Trombonist  Charles  Vernon

A Conversation with Bruce Duffie


Charles Vernon began his orchestral career as bass trombonist with the Baltimore Symphony, starting in September 1971. In 1980 he went to the San Francisco Symphony for one season. He was then chosen by Riccardo Muti to play bass trombone with the Philadelphia Orchestra, where he played for five years until coming to the Chicago Symphony Orchestra in 1986.

A native of Asheville, North Carolina, Vernon attended Brevard College and Georgia State University, where he studied with Bill Hill as well as Gail Wilson, professor of trombone at Arizona State University. His mentor/teachers were Arnold Jacobs and Edward Kleinhammer, both former tuba and bass trombone of the Chicago Symphony.

Vernon has been on the faculties of Catholic University, Brevard Music Center, Philadelphia College of Performing Arts, Roosevelt University, and the Curtis Institute and Northwestern University. Currently he is professor of trombone at DePaul University. Vernon has many solo and teaching appearances throughout the world.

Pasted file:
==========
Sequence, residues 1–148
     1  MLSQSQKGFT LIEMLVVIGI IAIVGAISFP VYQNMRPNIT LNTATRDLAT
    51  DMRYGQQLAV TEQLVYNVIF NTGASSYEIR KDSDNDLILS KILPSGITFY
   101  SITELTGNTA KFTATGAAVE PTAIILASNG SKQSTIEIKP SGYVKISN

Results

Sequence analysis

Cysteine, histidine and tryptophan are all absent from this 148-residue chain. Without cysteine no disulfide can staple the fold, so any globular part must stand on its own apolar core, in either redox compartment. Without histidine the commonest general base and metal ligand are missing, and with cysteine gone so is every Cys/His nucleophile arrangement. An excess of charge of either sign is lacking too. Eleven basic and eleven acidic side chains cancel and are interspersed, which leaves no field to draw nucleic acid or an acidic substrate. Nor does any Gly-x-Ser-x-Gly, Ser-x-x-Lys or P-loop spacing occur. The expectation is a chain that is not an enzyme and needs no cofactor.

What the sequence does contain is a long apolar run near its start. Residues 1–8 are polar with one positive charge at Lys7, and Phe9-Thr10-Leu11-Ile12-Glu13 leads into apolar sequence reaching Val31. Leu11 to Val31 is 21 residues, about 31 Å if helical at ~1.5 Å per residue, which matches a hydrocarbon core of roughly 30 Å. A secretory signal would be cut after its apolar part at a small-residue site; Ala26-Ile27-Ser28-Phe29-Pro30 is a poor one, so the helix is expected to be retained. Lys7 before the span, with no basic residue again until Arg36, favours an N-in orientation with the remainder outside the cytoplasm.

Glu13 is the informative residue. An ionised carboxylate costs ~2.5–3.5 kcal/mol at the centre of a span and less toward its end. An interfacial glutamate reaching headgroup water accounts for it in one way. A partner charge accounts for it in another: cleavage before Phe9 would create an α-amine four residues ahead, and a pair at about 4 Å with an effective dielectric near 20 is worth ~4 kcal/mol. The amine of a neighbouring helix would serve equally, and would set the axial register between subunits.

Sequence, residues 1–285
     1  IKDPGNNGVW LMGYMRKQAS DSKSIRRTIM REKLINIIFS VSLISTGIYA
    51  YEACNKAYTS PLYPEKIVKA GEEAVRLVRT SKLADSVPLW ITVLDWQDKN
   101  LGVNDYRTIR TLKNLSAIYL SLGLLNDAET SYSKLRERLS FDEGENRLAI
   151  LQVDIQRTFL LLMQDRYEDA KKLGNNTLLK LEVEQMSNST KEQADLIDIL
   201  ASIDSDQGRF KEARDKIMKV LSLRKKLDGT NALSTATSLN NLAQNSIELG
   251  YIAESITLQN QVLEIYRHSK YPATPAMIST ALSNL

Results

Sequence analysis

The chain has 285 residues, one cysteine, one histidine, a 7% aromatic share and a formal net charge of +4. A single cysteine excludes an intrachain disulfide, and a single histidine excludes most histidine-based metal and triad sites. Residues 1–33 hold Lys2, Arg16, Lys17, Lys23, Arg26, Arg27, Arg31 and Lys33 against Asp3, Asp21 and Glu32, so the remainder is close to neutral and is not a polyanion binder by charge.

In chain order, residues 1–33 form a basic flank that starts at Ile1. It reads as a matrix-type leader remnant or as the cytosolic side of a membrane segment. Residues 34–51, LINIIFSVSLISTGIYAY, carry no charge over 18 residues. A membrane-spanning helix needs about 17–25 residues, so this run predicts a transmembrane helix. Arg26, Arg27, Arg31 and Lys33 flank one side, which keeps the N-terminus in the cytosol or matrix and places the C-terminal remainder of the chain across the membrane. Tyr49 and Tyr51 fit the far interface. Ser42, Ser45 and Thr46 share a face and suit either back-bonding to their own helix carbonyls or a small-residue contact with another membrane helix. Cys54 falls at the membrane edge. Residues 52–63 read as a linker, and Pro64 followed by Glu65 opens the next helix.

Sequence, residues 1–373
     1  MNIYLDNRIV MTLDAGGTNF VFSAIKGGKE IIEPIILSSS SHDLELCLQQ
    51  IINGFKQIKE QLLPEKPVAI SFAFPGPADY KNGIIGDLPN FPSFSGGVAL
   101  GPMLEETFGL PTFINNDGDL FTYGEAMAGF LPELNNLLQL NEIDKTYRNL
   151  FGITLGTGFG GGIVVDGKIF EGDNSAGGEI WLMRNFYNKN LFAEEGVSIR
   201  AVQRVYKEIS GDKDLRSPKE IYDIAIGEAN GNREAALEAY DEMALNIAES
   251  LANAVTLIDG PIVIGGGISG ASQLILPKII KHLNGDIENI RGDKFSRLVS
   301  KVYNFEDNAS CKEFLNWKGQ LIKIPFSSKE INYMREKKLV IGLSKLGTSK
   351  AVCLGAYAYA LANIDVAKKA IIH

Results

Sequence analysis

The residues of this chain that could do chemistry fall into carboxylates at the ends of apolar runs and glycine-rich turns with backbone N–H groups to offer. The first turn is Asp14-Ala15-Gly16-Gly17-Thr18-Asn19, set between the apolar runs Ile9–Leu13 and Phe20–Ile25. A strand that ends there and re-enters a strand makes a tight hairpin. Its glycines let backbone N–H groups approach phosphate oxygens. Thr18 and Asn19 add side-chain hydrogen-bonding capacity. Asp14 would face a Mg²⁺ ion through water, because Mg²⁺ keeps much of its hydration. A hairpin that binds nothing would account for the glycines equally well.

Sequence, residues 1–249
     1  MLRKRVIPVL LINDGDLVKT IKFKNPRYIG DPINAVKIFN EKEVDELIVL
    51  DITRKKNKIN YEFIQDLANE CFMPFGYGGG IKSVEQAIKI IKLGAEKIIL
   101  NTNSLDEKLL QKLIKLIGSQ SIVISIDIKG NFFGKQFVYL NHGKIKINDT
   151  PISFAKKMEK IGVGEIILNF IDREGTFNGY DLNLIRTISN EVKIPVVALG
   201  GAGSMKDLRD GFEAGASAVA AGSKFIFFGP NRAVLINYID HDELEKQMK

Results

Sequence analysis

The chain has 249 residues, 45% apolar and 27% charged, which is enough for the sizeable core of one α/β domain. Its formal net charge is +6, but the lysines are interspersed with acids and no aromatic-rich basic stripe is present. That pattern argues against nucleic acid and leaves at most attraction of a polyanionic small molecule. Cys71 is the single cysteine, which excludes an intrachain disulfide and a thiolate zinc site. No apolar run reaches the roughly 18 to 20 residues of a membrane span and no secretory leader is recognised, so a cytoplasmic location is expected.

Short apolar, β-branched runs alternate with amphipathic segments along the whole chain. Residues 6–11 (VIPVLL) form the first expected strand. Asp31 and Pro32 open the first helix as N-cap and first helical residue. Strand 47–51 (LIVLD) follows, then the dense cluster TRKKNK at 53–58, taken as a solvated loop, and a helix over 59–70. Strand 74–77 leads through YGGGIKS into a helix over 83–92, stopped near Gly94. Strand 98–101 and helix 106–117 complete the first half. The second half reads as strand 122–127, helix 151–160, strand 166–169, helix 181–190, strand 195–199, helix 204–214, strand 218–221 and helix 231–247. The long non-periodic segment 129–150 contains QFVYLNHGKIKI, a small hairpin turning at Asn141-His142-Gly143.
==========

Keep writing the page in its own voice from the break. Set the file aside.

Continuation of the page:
In April 1991, with the CSO under Daniel Barenboim, he gave the world premiere of Ellen Taaffe Zwilich’s Concerto for Bass Trombone, which was commissioned by the Orchestra for its centennial. In September 2006, he and the CSO premiered Chick’a’Bone Checkout, a new concerto for the alto, tenor and bass trombones and orchestra, written by trombonist and composer Christian Lindberg. Most recently, Chapters, an Incredible Bass Trombone Concerto by Jim Stephenson was played with Riccardo Muti and the CSO in June 2019.


Vernon and his wife, Alison, have several commissioned song cycles for soprano, trombone and piano written by the American composer Eric Ewazen and performed for many European and U.S. audiences.

He has two sons—Mark and Gary. Mark is a video game designer with Ubisoft games developer in San Francisco, and Gary is a third Dan in Tae Kwon Do and a second Dan Black Belt in Hapkido, and is also an instructor at Connellys Academy for Martial Arts.

As a part-time athlete, Vernon is an avid swimmer and a member of the Evanston Masters Swim Team. He is also a first Dan Black Belt in Tae Kwon Do and he comments, “As time passes, I realize that I must keep doing it, so that I can KEEP doing it!”